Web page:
Whether they’re patients with degenerative diseases or astronauts in weightless environments, there are some people who need to know if their muscles are wasting away. A new wearable could one day allow them to check, when and wherever they wish.
Although tape measures can be used to a certain extent, currently the only really precise means of measuring muscle size and volume within specific parts of the body incorporate clinic-based technologies such as MRI scans.
Led by electrical and computer engineering graduate fellow Allyanna Rice, a team of scientists at The Ohio State University set out to develop a smaller, less expensive, patient-usable alternative. The result is a wearable device that looks not unlike a conventional blood-pressure-measuring cuff.
It incorporates two electrical coils made out of conductive threads, which are sewn into the fabric in a stretchable zigzag pattern. One of these coils serves as a transmitter, and one serves as a receiver. Importantly, the size of the loop formed by each coil (when the device is wrapped around a limb) varies with the underlying muscle volume.
“We apply a time-varying current on the transmit coil, which generates a magnetic flux on the transmit coil. A magnetic flux is then induced on the receive coil, and this flux induces a voltage on the receive coil that we can measure,” Rice explained to us. “The induced magnetic flux is dependent on the cross-sectional area of the coils. So, as the circumference of the limb increases, the overall magnetic flux and voltage on the receive coil will increase as well.”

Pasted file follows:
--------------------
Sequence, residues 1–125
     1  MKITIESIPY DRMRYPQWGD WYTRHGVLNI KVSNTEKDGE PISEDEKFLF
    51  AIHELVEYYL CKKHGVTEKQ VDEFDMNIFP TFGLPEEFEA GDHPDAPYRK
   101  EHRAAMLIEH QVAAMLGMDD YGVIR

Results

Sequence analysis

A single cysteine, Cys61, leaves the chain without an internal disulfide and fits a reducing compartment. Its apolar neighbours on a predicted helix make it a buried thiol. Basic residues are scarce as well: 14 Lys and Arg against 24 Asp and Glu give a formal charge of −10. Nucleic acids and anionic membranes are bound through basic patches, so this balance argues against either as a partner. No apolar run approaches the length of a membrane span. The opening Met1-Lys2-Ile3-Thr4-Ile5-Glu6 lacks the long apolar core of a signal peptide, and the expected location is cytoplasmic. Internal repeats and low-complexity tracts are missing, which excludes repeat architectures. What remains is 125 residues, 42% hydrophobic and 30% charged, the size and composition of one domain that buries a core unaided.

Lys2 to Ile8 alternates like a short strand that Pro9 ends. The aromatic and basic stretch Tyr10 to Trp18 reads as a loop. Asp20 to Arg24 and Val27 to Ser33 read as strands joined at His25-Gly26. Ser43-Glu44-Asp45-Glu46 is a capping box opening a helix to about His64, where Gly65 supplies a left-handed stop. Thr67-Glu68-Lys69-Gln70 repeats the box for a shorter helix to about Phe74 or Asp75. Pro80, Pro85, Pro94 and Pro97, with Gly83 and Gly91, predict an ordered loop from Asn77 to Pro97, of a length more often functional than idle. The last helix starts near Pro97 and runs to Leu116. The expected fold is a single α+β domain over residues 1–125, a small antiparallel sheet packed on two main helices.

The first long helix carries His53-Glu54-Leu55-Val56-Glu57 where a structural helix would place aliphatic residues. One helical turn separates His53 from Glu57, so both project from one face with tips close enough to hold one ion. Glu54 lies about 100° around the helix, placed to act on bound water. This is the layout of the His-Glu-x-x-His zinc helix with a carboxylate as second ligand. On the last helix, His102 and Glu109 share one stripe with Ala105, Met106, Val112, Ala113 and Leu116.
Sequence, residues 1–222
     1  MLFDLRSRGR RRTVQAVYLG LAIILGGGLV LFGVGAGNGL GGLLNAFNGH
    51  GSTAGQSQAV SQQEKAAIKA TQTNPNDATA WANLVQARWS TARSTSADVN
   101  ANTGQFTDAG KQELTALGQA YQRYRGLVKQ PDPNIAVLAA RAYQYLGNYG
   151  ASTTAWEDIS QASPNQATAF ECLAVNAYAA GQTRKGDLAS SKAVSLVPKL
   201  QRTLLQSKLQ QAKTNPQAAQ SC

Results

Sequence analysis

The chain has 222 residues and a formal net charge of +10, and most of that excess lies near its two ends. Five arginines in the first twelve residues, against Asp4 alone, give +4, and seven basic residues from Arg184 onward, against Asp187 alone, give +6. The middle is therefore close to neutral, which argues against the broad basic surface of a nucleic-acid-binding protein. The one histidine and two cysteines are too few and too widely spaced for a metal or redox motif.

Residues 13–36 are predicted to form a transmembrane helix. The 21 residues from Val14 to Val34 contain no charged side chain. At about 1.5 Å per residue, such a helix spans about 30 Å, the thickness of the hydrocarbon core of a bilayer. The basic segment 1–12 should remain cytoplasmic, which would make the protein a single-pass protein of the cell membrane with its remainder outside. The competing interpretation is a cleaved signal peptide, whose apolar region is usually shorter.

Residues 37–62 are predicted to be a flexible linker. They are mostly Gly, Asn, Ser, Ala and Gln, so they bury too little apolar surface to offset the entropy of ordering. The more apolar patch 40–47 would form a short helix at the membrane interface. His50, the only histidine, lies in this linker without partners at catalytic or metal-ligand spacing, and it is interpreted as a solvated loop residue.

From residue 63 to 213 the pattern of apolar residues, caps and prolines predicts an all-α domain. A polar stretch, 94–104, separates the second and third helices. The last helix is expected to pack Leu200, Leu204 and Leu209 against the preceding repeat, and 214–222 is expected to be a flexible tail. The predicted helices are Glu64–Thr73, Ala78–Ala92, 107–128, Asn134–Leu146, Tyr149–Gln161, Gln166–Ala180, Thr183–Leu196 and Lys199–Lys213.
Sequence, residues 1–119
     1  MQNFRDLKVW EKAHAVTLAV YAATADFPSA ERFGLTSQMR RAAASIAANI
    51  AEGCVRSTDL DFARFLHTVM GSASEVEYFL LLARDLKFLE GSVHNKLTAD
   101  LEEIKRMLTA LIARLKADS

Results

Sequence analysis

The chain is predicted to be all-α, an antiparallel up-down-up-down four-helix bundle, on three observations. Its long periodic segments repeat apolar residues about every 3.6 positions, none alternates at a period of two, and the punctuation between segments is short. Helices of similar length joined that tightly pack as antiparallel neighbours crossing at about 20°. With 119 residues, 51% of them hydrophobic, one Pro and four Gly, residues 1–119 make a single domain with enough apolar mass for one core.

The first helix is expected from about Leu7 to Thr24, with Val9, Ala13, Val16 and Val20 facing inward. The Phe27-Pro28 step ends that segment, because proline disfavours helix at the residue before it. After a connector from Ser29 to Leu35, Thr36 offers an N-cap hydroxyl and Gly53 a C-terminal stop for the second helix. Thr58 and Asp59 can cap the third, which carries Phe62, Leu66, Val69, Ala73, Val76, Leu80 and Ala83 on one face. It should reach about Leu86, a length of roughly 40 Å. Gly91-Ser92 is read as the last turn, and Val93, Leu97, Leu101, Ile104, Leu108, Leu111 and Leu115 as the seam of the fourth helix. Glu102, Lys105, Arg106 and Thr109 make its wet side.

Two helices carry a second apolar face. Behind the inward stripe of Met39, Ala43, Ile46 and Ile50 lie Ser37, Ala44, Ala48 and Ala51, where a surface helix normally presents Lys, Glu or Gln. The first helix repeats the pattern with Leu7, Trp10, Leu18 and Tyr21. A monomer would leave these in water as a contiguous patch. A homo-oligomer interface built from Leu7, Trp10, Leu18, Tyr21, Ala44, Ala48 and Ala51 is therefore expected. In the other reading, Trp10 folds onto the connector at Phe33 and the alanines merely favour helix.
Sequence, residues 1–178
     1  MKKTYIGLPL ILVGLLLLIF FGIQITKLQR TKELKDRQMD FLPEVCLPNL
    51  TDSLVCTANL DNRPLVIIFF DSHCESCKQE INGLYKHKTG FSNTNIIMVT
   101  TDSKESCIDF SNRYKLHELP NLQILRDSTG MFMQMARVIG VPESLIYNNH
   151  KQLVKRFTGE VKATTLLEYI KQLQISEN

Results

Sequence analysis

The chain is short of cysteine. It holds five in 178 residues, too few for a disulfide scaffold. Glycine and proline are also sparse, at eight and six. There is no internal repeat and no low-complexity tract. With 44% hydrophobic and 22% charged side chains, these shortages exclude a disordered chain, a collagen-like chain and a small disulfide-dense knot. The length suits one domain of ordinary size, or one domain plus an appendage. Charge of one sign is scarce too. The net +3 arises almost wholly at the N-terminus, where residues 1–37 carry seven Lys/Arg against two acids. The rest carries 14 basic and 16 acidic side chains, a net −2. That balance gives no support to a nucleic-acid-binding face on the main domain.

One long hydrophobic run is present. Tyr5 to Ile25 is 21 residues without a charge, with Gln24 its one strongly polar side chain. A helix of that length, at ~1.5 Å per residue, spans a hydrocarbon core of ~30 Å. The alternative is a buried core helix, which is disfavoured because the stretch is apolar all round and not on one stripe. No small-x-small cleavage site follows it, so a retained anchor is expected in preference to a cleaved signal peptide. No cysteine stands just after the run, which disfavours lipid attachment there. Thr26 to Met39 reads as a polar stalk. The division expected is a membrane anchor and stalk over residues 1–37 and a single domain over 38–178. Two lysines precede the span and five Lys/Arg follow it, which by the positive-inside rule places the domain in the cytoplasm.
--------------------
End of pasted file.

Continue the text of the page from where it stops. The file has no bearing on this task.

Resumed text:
The device has so far been tested on 3D-printed leg molds which were filled with ground beef to simulate the calf muscle in an average-size person. It was found to accurately detect small-scale changes in overall limb size, and to be capable of measuring muscle loss of up to 51%.
It is hoped that once the tool is developed further, it could be wirelessly connected to an app which would record and deliver patients’ self-administered readings to health care providers.
“We envision the patient putting on the device when they want to check muscle size, rather than wearing the sensor continuously,” said Rice. “This could be daily, weekly or monthly, depending on the underlying condition contributing to muscle atrophy.”
A paper on the NASA-supported research, which was co-authored by Prof. Asiminia Kiourti, was recently published in the journal IEEE Transactions on Biomedical Engineering.
Source: The Ohio State University